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Parents’ guide to the teenage brain, fighting hunger with protein, reduce your risk of Alzheimers

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What we’re about to say won’t surprise anyone who’s ever raised a kid: The teenage brain (not to mention a 9-year-old’s) isn’t equipped to handle what seems like life’s simplest decisions. Like: Should you jump off the roof into a swimming pool? Hitch a ride with someone who’s drunk? Email 10 people a picture of yourself wearing nada? Disrespect the teacher on the first day of school?

The thing is, it’s not the kid — it’s the kid’s brain. While it’s the same size as yours by age 9 or 10, the self-regulatory centers — the decision zones that govern judgment and impulsivity, and should scream: “Hello?! You could break both your legs jumping off a roof!” — are the last to reach maturity. That doesn’t happen until age 24 (later for men). Result? The adolescent brain has adult-size pleasure and sensation centers without adult-level control. Explains a lot, doesn’t it?

So how do you get your kids to 24 alive? Saying, “What were you thinking?” afterward doesn’t work. Instead, you need to get them to practice a bit of delayed gratification. As in: You’ll have more fun (be more popular, win more games, get along with the principal) if you don’t go for the immediate gain (being the center of attention for five seconds before breaking both legs). We figured this out in our last book, “YOU: The Owner’s Manual for Teens,” which we wrote because we see way too many kids who’ve been badly hurt because their brains didn’t say: “Wait up.”


If just the thought of starting another diet leaves you hungrier than a teenager at soccer camp, we’ve got two words for you: protein snacks. Adding not one but two high-protein snacks a day to a pounds-off program sets you up for three rewards:

1. More satisfaction and less hunger, so sticking with it is easier.

2. More weight loss — up to double what you get with the same calories of high-carb snacks.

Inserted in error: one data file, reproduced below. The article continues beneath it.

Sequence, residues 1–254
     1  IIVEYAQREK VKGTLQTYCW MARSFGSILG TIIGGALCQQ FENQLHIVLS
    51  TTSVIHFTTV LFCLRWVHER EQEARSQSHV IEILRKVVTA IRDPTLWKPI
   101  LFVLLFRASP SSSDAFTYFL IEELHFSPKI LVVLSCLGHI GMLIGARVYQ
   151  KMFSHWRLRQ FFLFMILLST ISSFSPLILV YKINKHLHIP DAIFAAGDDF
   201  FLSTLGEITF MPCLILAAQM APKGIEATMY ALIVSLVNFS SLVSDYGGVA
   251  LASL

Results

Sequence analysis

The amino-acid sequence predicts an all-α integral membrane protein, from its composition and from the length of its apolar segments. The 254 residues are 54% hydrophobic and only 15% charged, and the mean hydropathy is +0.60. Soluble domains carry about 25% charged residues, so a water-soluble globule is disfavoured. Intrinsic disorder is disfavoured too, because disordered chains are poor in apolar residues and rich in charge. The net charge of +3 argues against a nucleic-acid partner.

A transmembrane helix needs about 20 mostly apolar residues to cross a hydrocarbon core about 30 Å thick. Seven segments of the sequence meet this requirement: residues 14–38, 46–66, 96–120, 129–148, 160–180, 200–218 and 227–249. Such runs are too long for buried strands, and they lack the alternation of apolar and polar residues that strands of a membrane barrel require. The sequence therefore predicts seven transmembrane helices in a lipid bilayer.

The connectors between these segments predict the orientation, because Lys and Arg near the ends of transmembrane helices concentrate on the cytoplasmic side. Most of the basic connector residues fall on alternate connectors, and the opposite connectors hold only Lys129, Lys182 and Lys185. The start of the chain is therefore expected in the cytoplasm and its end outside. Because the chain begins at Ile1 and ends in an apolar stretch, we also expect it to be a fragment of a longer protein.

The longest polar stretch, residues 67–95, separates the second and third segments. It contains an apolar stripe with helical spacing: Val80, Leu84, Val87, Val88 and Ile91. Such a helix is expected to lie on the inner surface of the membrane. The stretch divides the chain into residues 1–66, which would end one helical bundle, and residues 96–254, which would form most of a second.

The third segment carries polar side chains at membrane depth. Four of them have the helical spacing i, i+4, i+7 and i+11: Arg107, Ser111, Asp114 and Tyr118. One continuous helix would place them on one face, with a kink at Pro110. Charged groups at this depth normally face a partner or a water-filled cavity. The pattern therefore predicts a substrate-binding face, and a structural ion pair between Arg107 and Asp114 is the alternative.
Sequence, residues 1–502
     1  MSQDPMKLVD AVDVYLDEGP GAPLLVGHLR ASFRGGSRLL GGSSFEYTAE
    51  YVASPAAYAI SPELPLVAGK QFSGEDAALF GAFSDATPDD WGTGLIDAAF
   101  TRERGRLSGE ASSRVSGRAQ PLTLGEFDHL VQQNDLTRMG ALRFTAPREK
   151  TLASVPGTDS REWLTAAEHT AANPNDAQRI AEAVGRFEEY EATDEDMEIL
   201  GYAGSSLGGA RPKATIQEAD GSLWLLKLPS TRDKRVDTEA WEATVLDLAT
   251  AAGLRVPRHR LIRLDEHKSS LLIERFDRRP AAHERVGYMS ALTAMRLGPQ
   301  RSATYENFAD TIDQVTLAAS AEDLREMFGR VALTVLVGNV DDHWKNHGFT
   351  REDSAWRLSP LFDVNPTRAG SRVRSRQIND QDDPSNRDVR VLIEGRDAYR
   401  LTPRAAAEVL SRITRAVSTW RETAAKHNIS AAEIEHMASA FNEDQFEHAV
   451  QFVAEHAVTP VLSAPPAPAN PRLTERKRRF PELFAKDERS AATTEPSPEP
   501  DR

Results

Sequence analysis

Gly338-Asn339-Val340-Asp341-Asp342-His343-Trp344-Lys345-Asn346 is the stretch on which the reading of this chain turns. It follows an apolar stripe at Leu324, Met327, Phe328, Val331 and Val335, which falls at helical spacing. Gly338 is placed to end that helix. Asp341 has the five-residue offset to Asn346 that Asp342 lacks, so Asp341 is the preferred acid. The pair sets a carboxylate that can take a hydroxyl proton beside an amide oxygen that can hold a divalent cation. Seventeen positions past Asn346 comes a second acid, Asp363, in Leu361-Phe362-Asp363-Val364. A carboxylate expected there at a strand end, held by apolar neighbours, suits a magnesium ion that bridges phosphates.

3. A healthier muscle-to-fat ratio when you hit your goal, which increases coordination, too.

Holding onto muscle is a priority for anyone who’s trying to lose weight, especially if you’re old enough to have seen the Beatles or “I Love Lucy” the first time around. That’s because you naturally lose muscle as you accumulate birthdays. And since muscle cells burn more calories than fat, muscle helps keep that weight off. And (here’s where those snacks come in) your body needs protein to make muscle.

What belongs on your high-protein snack list? A cup of plain, fat-free, no sugar added Greek yogurt sprinkled with walnuts. A few slices of broiled or baked chicken breast. A glass of skim milk and a hard-boiled egg. Hummus smeared on red pepper strips. Peanut butter stuffed into celery.


What if we said that YOU control seven major factors for memory loss, Alzheimer’s disease and cognitive dysfunction? And that changing a few daily habits cuts your threat from these brain thieves in half. You’d pay attention, right?

Then listen up. Old age and dementia do not have to go hand-in-hand. Take as many of these seven steps as you need to (we’ll help), and enjoy keeping all your marbles.

1. Quit smoking. Our realistic plan will help you quit for good 30 days from now. Find it at

2. Get active. Start small. For instance, walk in place whenever you’re on the phone. Eventually, put a treadmill or stationary bike smack in front of the TV.

3. Get smarter. Go back to school: Brain work makes you sharper.

4. Brighten up. Fighting bouts of depression? See your doc about starting or changing your medication. And get extra-serious about step 2: Walking daily is a powerful depression fighter. (So are meditation and yoga. Get tips at www.clevelandclinicwellness.com.)

5, 6, 7. Stop three brain threats at once. We’re talking hypertension, obesity and diabetes. Eat more fruits, vegetables, fish and 100 percent whole grains. Cut saturated fat and calories. Exercise 30 minutes a day. Lose weight. Enjoy feeling terrific!

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